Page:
NJ gov.: Fed insurance program 'has stunk' Teens lose fingers in tug-of-war Memphis renames 3 parks
UNION BEACH, N.J. -- Gov. Chris Christie said Tuesday the National Flood Insurance Program's handling of claims in New Jersey "has stunk," complaining that the program has been far too slow to get payments to victims of Superstorm Sandy, with tens of thousands of cases unresolved. The storm hit 100 days ago today.
The governor said excessive paperwork, inadequate staffing, cumbersome audits and the threat of financial penalties to carriers and adjusters is interfering with the timely issuance of payments, prolonging the suffering of many New Jersey residents hurt by Sandy.
"Our local insurance companies have been doing a great job of settling and moving these claims very quickly," Christie said. "The national flood insurance plan has stunk."
At a briefing in hard-hit Union Beach, the governor said only 30 percent of Sandy flood claims had been settled in New Jersey. But the Federal Emergency Management Agency said later Tuesday that the latest data shows 37,000 of 73,000 New Jersey claims, or a little more than 50 percent, have been closed.
Likewise, the agency said more than half of the total 140,000 Sandy flood claims made in all states have been settled, with $3.7 billion paid out to storm victims. In New York, it said 32,000 of 56,000 claims were closed. In New Jersey, Sandy damaged or destroyed about 346,000 housing units, resulting in estimated damage and future storm mitigation costs of $37 billion.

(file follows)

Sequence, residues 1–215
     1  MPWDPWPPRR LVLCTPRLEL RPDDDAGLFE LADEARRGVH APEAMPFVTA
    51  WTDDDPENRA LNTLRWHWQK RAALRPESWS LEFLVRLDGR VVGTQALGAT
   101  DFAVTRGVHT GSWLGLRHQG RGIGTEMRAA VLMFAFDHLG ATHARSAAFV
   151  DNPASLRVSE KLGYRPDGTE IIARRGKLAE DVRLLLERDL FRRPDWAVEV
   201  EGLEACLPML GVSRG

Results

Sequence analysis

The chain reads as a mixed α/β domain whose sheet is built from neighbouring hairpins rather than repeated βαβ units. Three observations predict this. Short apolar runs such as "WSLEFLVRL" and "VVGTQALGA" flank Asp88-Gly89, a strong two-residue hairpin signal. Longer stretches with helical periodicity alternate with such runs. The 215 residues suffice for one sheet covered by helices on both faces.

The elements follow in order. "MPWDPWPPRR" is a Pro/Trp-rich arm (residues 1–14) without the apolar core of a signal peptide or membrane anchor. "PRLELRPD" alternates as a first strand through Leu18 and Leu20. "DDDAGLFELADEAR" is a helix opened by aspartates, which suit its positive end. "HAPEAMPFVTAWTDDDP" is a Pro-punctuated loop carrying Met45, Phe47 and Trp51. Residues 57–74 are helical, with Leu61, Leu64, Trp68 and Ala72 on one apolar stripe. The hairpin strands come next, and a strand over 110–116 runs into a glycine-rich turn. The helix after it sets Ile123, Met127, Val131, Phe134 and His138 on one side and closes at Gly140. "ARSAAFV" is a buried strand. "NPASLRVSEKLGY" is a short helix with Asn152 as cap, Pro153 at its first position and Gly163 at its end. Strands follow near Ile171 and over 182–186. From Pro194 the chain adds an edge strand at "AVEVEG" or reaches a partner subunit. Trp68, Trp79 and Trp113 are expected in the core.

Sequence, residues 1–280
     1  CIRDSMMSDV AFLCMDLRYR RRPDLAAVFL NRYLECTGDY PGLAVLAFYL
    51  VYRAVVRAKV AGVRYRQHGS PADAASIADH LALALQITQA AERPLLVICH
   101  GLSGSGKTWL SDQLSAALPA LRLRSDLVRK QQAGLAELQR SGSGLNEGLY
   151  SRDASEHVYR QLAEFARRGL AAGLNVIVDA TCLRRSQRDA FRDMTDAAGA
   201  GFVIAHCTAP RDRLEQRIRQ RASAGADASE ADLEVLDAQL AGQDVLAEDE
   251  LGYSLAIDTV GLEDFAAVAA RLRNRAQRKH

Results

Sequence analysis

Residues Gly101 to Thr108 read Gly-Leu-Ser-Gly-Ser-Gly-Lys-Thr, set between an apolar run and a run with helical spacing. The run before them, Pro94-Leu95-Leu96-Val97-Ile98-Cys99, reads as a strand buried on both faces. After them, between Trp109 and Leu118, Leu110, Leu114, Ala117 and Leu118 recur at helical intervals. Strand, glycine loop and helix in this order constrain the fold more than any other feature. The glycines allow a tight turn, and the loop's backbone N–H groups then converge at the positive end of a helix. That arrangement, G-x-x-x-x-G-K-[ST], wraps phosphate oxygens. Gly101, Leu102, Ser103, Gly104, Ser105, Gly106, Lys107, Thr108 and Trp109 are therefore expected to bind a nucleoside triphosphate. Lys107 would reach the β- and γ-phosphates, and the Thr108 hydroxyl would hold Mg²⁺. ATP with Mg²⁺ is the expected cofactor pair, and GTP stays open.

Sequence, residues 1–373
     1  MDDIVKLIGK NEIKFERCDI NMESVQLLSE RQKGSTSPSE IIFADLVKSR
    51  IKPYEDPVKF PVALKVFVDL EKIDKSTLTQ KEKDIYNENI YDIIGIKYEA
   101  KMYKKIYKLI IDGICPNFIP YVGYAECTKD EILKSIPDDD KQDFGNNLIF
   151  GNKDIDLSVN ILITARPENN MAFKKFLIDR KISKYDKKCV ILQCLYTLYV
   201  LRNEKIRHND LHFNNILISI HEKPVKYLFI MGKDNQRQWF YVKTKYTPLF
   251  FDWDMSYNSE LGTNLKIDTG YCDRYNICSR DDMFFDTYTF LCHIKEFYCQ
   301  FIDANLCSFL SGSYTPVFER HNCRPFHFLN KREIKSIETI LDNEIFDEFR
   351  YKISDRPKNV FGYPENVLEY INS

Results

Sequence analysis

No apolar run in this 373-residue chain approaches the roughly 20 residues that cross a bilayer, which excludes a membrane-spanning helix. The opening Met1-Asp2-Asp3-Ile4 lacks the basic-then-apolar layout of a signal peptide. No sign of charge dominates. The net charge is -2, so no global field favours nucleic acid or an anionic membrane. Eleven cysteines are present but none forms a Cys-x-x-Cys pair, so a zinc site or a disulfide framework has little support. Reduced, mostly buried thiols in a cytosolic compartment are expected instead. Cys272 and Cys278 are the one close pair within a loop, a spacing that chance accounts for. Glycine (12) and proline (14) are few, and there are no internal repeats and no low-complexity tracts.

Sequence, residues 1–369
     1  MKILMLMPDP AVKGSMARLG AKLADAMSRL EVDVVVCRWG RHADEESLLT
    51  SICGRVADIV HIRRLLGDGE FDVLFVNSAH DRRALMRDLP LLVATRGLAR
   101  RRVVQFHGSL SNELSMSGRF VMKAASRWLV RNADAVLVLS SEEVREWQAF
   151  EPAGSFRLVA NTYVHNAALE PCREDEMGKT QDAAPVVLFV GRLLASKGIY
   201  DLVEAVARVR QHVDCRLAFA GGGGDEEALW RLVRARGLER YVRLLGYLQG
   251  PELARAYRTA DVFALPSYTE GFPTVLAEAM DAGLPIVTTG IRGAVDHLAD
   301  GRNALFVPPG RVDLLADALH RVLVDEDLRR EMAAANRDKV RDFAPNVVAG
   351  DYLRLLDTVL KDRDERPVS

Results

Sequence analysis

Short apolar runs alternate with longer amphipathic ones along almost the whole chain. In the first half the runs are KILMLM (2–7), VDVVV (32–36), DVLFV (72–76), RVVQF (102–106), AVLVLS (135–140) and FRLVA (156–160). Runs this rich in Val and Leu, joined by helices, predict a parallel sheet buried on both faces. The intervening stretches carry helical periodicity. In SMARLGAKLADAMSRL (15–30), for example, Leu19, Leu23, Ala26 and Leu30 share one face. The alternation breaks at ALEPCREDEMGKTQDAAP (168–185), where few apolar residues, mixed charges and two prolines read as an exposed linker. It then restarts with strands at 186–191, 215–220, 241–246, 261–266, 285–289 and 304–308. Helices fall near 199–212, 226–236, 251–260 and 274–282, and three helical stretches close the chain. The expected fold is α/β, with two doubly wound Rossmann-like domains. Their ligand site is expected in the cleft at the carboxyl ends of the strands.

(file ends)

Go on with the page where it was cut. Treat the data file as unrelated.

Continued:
LOS ANGELES -- A simple length of rope tore off the fingers of two teenagers during a schoolyard tug-of-war staged to boost campus spirit at the South El Monte High School campus.
The boy and girl had stable vital signs Tuesday after undergoing hours of surgery, but no information was disclosed on whether doctors reattached their fingers.
The teens lost four fingers each from their right hand, and the girl also lost the thumb on her left hand, Eddie Pickett, a supervising dispatcher with the Los Angeles County Fire Department, told NBC News.
The girl is a senior and varsity soccer player, and the boy is a football player, the San Gabriel Valley Tribune reported.
The rope was wrapped around the students' hands, and it snapped, amputating their fingers, Pickett said.
MEMPHIS, Tenn. -- The Memphis City Council has voted to change the names of three parks that honor the Confederacy and two of its principal members.
The council passed a resolution Monday night to immediately rename Confederate Park and Jefferson Davis Park, located in downtown Memphis, and Nathan Bedford Forrest Park, which lies just a few miles away.
The council already had been considering changing the name of the park coined after Forrest, a Confederate cavalryman and former slave trader who is recognized as a member of the first incarnation of the Ku Klux Klan.
The council hurriedly passed the resolution after a state House member introduced a bill that prevents parks named after historical military figures from being renamed.